Pushing the Envelope

At the National Postal Museum, envelopes are as critical a part of history as the letters inside

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In reading the various newsletters and calendars published by the Smithsonian, I have decided that the Institution is rather like Cairo: you can find just about anything here.

I see that one Maynard Benjamin gave a slide lecture on the history of envelopes at the National Postal Museum recently. He has also written a book on the subject, and he signed copies after the lecture, held in conjunction with two Postal Museum shows, "Undercover: The Evolution of the American Envelope" and "The Graceful Envelope," featuring beautifully handcrafted works by designers and calligraphers from around the world. The Postal Museum is one of my favorites, if only for the architecture--it's in the magnificent 1914 Washington City Post Office Building, right next to the equally grand 1908 Union Station.

Benjamin is a stamp collector with a special interest in the Civil War, which is why he belongs to the Confederate Stamp Alliance. He lives in Alexandria, Virginia, and he happens to be the president of the Envelope Manufacturers Association.

According to Benjamin, it was the Babylonians who first thought of enclosing clay tablets in clay "envelopes" baked hard around their contents.

I'm going to have to slip off the track here, already. It seems to me that the envelope must have been invented by that mythic emperor who wrote a message on the shaved pate of a slave, let the hair regrow, and sent the man to his destination to be shaved anew and read. The only drawback with this ingenious plan is that the message had better not be terribly urgent.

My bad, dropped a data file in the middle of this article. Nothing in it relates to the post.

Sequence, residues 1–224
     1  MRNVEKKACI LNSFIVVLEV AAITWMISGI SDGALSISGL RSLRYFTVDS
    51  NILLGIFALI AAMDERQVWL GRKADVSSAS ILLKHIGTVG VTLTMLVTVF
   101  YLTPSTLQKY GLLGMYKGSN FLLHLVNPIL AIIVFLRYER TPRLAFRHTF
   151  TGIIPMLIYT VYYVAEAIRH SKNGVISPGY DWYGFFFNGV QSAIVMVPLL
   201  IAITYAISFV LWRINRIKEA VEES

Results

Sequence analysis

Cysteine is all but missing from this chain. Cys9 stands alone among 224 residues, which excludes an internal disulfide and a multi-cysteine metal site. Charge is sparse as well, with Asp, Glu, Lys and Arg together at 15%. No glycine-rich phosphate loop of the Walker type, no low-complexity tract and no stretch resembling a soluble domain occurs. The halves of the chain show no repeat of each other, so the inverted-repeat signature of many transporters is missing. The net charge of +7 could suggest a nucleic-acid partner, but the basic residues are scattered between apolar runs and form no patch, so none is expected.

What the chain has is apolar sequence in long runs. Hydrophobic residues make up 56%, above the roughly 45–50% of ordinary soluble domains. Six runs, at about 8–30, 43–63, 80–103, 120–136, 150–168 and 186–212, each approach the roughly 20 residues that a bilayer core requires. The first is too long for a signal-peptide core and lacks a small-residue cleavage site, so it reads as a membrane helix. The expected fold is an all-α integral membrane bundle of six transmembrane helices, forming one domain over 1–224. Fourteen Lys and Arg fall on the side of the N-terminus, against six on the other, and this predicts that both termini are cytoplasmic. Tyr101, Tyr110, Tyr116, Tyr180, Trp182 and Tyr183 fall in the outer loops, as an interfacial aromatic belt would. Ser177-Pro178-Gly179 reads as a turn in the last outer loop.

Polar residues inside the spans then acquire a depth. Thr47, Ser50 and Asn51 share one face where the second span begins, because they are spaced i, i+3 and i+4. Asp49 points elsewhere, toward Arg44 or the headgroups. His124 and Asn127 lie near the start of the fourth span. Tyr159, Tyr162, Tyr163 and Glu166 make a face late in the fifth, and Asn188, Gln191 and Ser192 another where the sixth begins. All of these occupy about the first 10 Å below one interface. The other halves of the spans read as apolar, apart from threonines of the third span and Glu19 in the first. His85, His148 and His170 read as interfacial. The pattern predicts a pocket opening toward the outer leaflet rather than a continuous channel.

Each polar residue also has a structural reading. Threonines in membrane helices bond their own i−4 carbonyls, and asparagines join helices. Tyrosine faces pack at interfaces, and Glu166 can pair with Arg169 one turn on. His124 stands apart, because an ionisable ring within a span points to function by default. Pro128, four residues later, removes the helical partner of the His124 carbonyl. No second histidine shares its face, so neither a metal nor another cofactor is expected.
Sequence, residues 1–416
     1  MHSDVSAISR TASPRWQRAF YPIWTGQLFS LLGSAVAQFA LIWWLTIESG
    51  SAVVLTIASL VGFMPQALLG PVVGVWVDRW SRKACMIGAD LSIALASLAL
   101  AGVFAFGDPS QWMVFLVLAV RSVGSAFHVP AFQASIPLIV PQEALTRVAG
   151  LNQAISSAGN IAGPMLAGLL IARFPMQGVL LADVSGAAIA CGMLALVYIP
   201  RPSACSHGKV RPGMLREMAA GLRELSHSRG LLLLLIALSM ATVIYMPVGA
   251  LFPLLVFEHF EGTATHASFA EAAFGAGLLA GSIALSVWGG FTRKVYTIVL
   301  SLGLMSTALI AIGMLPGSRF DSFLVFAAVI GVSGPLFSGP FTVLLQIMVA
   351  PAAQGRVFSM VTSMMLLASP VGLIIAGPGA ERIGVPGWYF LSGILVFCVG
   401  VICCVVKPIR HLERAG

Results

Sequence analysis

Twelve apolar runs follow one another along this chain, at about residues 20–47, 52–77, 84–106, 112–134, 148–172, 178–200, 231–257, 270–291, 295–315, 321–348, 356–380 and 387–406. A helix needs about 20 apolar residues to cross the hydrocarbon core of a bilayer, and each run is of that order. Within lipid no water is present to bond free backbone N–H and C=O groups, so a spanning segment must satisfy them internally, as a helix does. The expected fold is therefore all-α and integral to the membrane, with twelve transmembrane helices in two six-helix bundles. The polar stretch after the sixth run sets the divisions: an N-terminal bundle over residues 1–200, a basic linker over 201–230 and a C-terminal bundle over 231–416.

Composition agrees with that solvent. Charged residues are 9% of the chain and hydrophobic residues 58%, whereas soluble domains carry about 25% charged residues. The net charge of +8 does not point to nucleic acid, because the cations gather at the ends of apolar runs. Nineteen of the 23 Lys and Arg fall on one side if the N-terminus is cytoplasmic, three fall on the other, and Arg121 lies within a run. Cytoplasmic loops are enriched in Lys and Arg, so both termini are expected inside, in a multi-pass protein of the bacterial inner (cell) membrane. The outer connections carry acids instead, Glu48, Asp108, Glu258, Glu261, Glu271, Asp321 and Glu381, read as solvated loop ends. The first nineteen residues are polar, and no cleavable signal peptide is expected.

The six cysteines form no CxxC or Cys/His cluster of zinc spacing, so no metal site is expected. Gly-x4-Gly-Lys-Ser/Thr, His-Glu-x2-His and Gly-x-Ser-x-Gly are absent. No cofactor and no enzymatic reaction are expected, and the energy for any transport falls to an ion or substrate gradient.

"No one knows when envelopes came to China," Benjamin announced, "but we do know that by 1200 B.C. the Chinese had developed a crude form of paper made from reeds and rice." Presumably they would protect the letter with a paper casing. The ancient Egyptians protected missives by rolling up the papyrus scrolls. Because paper was so expensive, for many centuries letters were usually just folded, sealed and sent that way. But by the 17th century separate envelopes appeared in Spain and France.

And what a relief that must have been. We have some English friends who still insist on using those tissue paper aerograms dating from the 1930s. You write the letter, fold it, lick some gummed flaps, and suddenly your letter has turned itself into an envelope.

The trouble is, our friends keep having afterthoughts, and they write all over the margins. No matter how carefully we cut open the flaps, we lose vital information. As in, "Yes we'd love to have you visit, but we'll be out of town after the first of . . ."

The early envelopes were often sealed with wax impressed by a signet ring to prevent the wrong people from reading them. For a really important letter a gallows mark could be put on the cover, meaning that it had to be delivered under pain of death.

That seems to me an empty threat. If you didn't receive it, how would you know? And since letters sometimes took months to deliver, the derelict postman would have absconded long since, anyway. Benjamin explains that you might actually have been able to trace it, as each wayside kept a record of passage.


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